In Mongolia, government assistance programs are showing that direct cash assistance helps the poor without deterring people from seeking work.
Karin is a poverty and social protection specialist with more than 22 years of experience leading social policy dialogue and development program design and implementation with governments and civil society in East and Southeast Asia. She has focused on social assistance and cash transfers, multidimensional poverty analysis and poverty targeting, the graduation approach and cash plus programming, early childhood and basic education, technical and vocational education and training, community-driven development, and gender analysis and women’s economic empowerment. Based at the ADB resident mission in Beijing since 2019, Karin is supporting social assistance reforms, social service delivery, and healthy and age-friendly cities in People's Republic of China, and shock-responsive social protection and inclusive education in Mongolia. In her previous assignment at ADB headquarters in Manila, she covered social protection and education in Indonesia, Lao PDR, and the Philippines. She also spent five years as a social sector specialist at the resident mission in Phnom Penh, Cambodia. Prior to joining ADB in 2004, Karin’s work as a poverty specialist with Development Alternatives, Inc. in Washington, D.C. included a long-term assignment in Kiev, Ukraine. She completed a Ph.D. in Development Studies from the London School of Economics in 1999 with a dissertation on measuring multidimensional poverty in the Philippines.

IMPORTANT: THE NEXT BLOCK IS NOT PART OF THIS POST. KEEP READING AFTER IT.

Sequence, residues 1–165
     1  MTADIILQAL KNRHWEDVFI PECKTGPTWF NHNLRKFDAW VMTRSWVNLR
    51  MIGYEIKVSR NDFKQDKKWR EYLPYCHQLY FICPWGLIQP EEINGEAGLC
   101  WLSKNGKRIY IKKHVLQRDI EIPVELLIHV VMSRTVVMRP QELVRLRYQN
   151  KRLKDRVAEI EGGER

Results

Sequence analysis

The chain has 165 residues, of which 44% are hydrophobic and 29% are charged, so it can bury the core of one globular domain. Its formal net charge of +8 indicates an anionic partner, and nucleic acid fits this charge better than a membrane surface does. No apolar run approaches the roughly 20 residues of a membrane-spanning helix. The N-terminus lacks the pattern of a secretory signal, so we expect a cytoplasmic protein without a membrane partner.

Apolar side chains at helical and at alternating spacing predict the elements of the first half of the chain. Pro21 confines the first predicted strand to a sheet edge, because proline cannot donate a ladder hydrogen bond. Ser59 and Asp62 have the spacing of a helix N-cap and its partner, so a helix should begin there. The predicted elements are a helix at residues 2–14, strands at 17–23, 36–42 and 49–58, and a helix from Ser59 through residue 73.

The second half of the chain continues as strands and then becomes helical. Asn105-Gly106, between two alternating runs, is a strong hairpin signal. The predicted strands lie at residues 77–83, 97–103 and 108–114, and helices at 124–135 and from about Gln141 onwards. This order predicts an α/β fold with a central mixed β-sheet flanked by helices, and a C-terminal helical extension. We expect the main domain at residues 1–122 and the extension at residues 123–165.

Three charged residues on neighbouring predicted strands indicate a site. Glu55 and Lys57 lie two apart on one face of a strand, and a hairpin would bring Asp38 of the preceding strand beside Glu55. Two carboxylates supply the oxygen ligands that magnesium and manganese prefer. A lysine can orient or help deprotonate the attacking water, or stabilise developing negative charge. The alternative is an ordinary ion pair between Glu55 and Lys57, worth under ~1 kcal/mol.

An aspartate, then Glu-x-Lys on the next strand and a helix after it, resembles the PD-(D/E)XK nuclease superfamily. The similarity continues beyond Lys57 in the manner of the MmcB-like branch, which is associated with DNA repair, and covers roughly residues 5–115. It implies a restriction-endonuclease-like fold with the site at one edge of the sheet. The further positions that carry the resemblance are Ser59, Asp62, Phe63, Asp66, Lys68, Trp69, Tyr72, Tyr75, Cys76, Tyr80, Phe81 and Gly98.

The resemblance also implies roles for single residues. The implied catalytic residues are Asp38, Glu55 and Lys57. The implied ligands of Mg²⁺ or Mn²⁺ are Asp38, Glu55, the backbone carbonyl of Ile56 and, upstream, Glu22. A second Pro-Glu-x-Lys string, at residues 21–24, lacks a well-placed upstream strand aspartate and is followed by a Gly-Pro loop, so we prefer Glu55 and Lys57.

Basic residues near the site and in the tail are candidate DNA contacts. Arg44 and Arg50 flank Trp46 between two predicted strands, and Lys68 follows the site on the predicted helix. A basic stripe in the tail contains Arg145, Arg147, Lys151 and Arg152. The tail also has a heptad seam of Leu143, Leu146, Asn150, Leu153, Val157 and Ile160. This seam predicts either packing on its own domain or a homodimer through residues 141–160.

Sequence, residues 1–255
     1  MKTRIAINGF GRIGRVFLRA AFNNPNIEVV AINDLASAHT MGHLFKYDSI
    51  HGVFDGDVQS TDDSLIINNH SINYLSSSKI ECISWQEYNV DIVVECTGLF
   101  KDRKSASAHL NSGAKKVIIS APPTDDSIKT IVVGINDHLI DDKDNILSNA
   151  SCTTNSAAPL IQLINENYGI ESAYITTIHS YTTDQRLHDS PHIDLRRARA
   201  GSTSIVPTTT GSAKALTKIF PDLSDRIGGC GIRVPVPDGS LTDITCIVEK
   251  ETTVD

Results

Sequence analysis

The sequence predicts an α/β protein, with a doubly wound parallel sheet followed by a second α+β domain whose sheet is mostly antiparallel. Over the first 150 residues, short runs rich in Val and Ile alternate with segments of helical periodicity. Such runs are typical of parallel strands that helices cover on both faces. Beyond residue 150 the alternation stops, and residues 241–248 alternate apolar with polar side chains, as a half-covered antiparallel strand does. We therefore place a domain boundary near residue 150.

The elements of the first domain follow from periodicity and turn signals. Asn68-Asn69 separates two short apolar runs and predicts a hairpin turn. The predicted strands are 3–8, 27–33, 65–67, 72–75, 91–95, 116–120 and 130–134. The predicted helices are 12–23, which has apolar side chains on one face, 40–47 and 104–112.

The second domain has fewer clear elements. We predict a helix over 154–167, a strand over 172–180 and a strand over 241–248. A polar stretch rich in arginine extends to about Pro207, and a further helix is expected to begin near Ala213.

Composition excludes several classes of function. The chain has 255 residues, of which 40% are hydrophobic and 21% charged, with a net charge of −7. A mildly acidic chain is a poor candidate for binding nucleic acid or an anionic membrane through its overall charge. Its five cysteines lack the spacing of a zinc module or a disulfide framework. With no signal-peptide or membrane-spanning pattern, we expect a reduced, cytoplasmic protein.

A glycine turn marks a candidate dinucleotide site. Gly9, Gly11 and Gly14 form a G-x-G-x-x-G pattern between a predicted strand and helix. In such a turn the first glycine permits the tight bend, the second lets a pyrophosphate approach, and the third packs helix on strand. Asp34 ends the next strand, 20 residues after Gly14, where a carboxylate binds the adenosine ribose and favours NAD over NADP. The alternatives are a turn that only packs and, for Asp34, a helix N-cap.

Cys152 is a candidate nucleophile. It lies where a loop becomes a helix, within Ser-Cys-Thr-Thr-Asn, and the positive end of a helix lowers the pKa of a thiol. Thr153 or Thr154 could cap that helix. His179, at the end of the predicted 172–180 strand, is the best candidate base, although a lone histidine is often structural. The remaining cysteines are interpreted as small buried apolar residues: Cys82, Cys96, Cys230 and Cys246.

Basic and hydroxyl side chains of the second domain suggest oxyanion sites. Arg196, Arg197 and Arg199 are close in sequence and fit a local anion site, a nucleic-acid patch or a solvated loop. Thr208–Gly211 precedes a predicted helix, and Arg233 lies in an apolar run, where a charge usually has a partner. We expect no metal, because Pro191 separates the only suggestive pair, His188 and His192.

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Pro-poor growth in the Philippines is driven by a growing budget for social assistance programs like conditional cash transfers.
More than 4.4 million poor Filipino families receive regular cash grants from the government to help them make ends meet. But they aren’t getting money for nothing—there is a catch: families only get the cash if their children go to school and get regular health check-ups, and if the parents go to family development sessions every month.
I see dead people. No, I don’t mean ghosts like the ones a young Haley Joel Osment could see in the 1999 hit film The Sixth Sense. I mean actual dead bodies. I see them all the time, victims of the seemingly lawless and definitely dangerous free-for-all that is driving on Cambodia’s national roads.
Tep Roeung’s husband abandoned her and their 3 young children in 1999. She was just 21 years old. Uneducated and with few skills, Roeung farmed a small rice field in rural Siem Reap province to support her family.